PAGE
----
By Janet J. Seahorn, Ph.D.


Once upon a time there was a very young boy who lived an incredibly difficult childhood. He was the oldest son of a family of five children – two younger sisters, one brother and a step brother. At eleven years old he became homeless, kicked out of his family by an abusive father. Drinking and beatings by his dad were endured on a regular basis.  For five years he lived on the streets until he was old enough to join the army (1956-1965).  Being of Navaho Indian decent, Vince the Prince was a fledgling warrior, and warriors always fight with perseverance and courage.


However, the trauma of his early childhood experiences followed him into the military. He was always in trouble, and believed he would get shot, knifed, or killed in prison. Life was pretty hopeless. Anger often consumed him, a normal coping mechanism many children of abuse use to mask their pain and unpredictable daily circumstances. But, Vince the Prince was a survivor, often called a “smart ass”. Being tough kept him alive, and being enraged kept him “feeling”.

Dream 2

How does a person ever survive such a life? According to Vince the Prince in 1970 he found faith in the spirit of the Lord, and this discovery saved him. Talking with him was pretty amazing as he could quote scriptures from the Bible better than most clergy. His personal commitment to the Lord handed him the hope that he lacked in his younger years and offered him a purpose in how he would live the rest of his life. In 1973 Vince was ordained as a street Evangelist.  His parishioners were those confined to the jails and prisons in Chicago. He worked with the street people offering kindness, optimism, and faith. Having this new mission made him think of others before himself. He was no longer in the survivor mode, but in a vocation of serving those who, like him in his early years, were crushed by life experiences far beyond the control of a young boy. In 1983 he even completed his GED after having only a fifth grade education.  Yep, pretty darn remarkable.


I asked him at the end of one of our conversations “What has been your greatest lesson?”  His response, “No matter who or what you are, in God’s eyes you are precious.” And, ‘When all else fails turn to Jesus.”

Vince the Prince continues to work with young teens, many who are homeless like he was in his early years. Who better to understand their struggles, their fears, and their despair? Who better to provide a sense that no matter how dire your circumstances may seem there is always hope and that hope can lead to a miraculous future. Living life with purpose and a wicked sense of humor make Vince the Prince a very special human, indeed.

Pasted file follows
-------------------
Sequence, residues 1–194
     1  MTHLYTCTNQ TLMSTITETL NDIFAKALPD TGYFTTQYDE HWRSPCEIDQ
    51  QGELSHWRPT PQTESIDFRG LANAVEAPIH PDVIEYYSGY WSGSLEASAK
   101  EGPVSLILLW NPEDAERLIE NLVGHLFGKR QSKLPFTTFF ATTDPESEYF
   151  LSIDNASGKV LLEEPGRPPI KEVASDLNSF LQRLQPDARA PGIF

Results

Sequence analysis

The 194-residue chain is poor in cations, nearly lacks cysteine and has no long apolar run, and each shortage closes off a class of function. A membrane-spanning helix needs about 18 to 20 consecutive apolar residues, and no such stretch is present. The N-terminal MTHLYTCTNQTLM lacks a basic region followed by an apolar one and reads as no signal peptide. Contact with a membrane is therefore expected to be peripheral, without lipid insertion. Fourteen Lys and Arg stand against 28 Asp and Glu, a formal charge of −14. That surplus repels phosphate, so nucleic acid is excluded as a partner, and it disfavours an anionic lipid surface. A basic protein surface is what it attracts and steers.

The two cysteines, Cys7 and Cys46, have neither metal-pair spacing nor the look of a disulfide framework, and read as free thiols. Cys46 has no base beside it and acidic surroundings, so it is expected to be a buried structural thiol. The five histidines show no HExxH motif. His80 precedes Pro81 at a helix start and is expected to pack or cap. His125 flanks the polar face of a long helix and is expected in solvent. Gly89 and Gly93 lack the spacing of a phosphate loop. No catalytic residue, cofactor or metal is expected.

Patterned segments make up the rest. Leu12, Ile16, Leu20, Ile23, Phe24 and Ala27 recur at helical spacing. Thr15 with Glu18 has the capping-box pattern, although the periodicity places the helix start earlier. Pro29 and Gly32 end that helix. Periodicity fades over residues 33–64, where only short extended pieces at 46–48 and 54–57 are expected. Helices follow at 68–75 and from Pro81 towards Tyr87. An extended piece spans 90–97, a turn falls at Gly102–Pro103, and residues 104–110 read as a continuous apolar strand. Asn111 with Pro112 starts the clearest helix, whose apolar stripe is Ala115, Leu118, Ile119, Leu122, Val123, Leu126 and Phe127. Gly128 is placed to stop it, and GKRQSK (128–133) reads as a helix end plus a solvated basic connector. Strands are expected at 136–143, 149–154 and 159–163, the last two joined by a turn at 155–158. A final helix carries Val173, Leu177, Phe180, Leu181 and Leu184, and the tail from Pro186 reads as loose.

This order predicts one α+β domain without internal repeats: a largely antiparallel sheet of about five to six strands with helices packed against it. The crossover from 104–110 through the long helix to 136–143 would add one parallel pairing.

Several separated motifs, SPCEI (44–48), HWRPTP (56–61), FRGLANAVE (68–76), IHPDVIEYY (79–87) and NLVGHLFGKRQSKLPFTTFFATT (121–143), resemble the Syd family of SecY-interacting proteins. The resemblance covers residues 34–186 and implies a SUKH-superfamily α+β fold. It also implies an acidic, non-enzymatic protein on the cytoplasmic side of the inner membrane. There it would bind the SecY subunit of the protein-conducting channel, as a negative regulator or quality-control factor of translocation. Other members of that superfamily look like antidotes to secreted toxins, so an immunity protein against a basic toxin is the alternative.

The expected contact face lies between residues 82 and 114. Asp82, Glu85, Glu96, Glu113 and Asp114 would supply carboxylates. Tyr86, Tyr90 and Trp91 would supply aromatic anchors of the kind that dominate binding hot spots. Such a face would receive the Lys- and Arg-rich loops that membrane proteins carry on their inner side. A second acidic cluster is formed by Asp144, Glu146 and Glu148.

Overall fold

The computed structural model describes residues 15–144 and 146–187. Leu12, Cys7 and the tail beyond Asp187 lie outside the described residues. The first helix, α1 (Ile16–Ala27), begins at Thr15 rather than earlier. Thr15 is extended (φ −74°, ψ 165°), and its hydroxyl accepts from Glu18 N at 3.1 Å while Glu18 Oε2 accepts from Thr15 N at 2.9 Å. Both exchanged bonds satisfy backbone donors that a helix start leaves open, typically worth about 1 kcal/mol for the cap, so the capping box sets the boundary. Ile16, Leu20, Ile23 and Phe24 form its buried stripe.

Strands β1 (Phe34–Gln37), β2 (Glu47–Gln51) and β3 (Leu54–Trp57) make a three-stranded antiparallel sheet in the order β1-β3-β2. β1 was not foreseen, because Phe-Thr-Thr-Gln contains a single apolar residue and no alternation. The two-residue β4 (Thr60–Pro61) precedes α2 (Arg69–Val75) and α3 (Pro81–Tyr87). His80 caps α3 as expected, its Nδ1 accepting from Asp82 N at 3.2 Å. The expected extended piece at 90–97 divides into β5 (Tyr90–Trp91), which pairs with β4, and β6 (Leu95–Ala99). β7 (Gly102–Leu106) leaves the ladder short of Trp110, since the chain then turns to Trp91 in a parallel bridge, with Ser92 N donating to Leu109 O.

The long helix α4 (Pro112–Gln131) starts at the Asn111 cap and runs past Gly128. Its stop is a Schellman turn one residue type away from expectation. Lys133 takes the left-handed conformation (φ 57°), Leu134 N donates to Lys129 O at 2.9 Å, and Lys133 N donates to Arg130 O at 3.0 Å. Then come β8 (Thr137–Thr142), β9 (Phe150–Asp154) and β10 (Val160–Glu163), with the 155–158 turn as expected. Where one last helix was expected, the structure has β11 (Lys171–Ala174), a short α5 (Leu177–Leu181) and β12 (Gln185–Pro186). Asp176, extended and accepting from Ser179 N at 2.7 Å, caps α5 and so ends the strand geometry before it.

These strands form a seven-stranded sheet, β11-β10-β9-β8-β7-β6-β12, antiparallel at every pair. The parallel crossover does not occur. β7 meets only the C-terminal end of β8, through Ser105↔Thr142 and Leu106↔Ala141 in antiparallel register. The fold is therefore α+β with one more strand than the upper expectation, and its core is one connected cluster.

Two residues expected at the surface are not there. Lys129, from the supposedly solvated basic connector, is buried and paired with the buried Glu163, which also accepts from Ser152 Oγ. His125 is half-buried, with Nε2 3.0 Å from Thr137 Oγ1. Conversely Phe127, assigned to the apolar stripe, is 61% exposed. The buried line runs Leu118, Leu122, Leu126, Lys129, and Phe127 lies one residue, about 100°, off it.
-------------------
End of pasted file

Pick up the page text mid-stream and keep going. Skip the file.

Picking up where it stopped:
(I recently spent a week with Vince at a remote fishing camp in Canada called Rushing Wind. Tony and I were invited to work with veterans who have experienced the effects of combat and are finding ways to heal from the wounds of war.)




Listen peacefully to the wild call of the Loon.





by Janet J. Seahorn, Ph.D

Boat 1

​It was a bright, warm, late June morning. Platte Valley Trout Unlimited and Project Healing Waters were collectivelyhosting their annual Wounded Warrior Event float trip. The two groups embarked on different sections of the river that Thursday. One group of veterans and their guides launched at Bennett Peak while a second group consisting of veterans from the Cheyenne VA Hospital departed from Treasure Island.

The beauty of the river, the challenge and fun trying to land a big trout, and observing the many creatures such as mink, deer, antelope and eagles made the morning special. Roughly an hour and a half into the float from Treasure Islandtragedy struck. A raft with two couples, who were floating on their own, hit a log jam broadside on a hazardous island point in the middle of the river.  As their big raft flipped in the treacherous water, all four individuals went into the swift, cold water…only three were thrown clear of the massive log jam.The fourth rafter did not survive the river’s current even though great effort was made to rescue him from the tremendous force of the water.